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Shares surge on Xiongan, but sustainability concerns arise

By Li Xiang | China Daily | Updated: 2017-04-17 07:46

Shares surge on Xiongan, but sustainability concerns arise

Investors check share prices at a brokerage in Fuyang, Anhui province. [Photo by Lu Qijian/For China Daily]

China's plan to develop a special economic zone-the Xiongan New Area-near Beijing has fueled a stock market frenzy all right, but analysts remain skeptical such optimism would create a sustainable bull market.

The plan has injected an unexpected element of excitement into the A-share market, lifting investors' risk preference and boosting expectation for improved corporate earnings, especially the profitability of companies in sectors such as infrastructure, construction materials, transportation and environmental protection.

But analysts warned short-term market optimism is unlikely to lead to a sustainable rise in share prices as overall economic prospects could still face downward pressure.

Chen Letian, an analyst at BOC International, said the mid- to long-term market trend will be determined by key factors such as stock valuations, corporate profitability and the interest rate environment, noting that the plan to set up a new economic zone is unlikely to change the overall economic cycle direction in China.

"While it is a 'historic' decision, we don't think it will change the underlying trend of the economy and we suggest investors should remain cautious on any potential market corrections," Chen said.

The central authorities announced on April 1 the plan to set up the Xiongan New Area in Hebei province to relocate some low-priority functions from Beijing, in order to ease the pressure of being a metropolitan city on the national capital.

While economists agree that the ambitious project could spur greater infrastructure and property investment, they said uncertainty shrouds the sustainability of an infrastructure investment-led growth. And given the potential for a tighter market liquidity, the authorities will likely continue to push financial deleveraging to contain asset bubbles.

Gao Ting, head of China strategy at UBS Securities, said investors have shifted focus from the recent upturn in China's economic data to whether robust property and infrastructure investment will be sustained in the second half of this year.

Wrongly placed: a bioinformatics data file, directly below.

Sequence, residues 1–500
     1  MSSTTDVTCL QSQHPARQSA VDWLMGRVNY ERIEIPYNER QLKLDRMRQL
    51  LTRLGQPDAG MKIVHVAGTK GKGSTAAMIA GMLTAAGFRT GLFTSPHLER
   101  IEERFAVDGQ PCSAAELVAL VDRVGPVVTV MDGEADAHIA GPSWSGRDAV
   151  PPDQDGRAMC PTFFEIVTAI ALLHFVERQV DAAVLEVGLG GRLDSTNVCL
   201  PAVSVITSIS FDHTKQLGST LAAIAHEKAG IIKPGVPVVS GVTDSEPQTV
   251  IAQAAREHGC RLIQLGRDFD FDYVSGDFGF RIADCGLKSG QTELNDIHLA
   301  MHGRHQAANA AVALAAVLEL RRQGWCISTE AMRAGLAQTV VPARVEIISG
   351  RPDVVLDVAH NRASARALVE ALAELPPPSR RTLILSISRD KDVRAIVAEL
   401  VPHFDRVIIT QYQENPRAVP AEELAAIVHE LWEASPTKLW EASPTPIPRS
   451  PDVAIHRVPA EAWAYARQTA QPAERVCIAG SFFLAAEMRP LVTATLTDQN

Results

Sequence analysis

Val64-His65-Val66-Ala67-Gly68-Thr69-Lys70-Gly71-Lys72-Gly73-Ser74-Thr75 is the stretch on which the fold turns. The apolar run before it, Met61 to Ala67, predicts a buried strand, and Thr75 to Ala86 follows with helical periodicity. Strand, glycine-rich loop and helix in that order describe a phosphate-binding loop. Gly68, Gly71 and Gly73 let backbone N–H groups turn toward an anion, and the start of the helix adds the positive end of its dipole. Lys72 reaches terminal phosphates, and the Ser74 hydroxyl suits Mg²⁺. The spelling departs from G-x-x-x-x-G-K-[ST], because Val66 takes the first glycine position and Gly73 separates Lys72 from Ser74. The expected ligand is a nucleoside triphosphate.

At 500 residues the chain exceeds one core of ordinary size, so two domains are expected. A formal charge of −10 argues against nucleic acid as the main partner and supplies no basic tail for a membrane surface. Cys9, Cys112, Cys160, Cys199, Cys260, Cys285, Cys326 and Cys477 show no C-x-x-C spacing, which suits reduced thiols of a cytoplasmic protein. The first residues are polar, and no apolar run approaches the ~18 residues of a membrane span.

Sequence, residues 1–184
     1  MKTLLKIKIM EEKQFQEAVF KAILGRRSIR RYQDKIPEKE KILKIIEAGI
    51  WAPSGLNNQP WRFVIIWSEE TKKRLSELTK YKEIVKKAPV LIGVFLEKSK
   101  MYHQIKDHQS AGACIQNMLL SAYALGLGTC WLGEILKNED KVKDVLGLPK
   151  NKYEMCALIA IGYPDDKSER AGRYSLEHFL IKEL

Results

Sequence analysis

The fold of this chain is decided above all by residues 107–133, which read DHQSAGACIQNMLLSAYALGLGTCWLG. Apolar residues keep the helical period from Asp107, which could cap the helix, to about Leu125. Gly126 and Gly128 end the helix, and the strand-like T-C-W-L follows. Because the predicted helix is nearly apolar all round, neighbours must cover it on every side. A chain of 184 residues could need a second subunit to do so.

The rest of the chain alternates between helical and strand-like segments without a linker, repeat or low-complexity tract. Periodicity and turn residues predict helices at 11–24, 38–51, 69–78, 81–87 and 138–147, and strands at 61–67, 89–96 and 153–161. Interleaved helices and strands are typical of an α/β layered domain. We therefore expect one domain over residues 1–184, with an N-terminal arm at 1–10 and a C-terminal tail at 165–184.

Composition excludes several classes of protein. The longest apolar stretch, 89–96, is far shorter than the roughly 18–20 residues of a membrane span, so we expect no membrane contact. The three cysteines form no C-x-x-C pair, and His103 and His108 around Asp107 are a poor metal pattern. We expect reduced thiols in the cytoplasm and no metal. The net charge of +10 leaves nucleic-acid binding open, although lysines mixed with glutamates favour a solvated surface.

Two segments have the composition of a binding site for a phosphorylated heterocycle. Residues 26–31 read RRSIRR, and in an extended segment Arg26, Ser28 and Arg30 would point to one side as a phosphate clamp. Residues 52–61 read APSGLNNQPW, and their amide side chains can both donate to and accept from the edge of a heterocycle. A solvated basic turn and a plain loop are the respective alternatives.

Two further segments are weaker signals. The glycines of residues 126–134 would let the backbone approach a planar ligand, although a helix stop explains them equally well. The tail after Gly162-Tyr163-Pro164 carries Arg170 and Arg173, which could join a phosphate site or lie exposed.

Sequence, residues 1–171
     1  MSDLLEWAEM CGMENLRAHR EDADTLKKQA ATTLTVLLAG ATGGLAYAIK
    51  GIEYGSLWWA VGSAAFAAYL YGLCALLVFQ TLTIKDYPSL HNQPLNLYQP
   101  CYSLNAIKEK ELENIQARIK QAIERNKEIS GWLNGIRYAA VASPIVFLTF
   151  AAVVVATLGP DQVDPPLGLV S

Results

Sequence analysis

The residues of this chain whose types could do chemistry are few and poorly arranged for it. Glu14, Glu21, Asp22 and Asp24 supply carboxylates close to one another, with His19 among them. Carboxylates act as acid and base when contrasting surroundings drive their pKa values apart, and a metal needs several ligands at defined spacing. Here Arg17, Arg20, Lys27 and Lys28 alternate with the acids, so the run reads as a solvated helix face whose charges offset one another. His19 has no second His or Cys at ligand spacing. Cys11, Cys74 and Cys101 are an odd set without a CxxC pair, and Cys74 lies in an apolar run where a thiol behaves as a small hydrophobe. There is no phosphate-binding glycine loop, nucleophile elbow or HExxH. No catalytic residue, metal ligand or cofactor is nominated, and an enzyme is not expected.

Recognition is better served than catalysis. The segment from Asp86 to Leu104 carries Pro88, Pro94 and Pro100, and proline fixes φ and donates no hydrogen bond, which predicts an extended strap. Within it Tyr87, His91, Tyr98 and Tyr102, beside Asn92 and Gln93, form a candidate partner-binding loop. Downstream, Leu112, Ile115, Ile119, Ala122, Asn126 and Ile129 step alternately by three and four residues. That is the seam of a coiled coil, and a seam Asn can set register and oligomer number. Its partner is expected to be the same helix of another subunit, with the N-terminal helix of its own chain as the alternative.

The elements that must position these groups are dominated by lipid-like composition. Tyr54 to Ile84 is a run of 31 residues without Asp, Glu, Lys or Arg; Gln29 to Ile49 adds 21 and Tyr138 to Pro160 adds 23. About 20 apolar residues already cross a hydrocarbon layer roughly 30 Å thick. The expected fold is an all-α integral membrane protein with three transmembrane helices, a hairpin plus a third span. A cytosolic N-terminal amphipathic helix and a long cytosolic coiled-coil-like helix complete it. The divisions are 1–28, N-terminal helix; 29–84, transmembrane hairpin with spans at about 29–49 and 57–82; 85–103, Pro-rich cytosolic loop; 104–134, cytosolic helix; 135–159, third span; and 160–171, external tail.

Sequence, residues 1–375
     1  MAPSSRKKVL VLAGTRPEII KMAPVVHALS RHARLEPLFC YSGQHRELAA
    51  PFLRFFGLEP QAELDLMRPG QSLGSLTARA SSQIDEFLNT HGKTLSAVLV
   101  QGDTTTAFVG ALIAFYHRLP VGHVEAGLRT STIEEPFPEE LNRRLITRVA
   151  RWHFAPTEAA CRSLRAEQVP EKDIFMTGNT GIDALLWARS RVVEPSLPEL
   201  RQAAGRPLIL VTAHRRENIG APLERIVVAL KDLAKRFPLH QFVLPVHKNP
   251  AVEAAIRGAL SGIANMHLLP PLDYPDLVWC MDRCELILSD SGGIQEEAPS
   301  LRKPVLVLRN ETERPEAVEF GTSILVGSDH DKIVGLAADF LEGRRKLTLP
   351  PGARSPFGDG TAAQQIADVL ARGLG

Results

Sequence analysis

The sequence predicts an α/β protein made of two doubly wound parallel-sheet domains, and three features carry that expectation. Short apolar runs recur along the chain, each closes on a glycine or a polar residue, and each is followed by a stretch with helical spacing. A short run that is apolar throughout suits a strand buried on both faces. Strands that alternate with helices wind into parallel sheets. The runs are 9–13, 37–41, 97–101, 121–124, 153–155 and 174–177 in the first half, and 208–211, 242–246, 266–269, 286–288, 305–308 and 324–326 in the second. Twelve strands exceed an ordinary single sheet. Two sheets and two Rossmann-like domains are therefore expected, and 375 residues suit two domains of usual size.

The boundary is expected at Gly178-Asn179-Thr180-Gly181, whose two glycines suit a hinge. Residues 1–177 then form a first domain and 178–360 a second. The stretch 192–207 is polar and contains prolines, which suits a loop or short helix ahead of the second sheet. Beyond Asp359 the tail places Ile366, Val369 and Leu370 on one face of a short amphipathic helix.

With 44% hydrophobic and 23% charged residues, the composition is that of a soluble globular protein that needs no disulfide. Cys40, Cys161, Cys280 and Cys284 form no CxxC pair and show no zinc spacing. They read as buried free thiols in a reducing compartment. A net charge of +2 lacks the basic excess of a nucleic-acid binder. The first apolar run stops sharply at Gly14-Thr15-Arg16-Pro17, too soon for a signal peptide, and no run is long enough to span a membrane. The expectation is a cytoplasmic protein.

Nonetheless, Gao said that the expectation of building the Xiongan New Area into an innovative, market-driven green city will mean that the environmental protection sector can be a major beneficiary of the plan.

"China has made green development a key priority for the Xiongan New Area, and is phasing out low-end manufacturing throughout Hebei province. The region urgently needs to address its environmental issues and may start doing so before urban construction begins," he said in a research note.

Zhao Yang, chief China economist at Nomura Securities, said the Xiongan New Area could spur slightly stronger fixed asset investment growth, particularly in infrastructure and property investment, in coming years.

But Zhao said that extent of the project's positive impact on economic growth could be limited because it depends on the course of monetary policy.

"If the monetary policy remains prudent and neutral, then financing of the project may crowd out other public or private investment expenditure. However, if the project's importance is enough to tempt the central bank to ease its policy stance, the risk is that this could trigger a surge in inflation," Zhao said.

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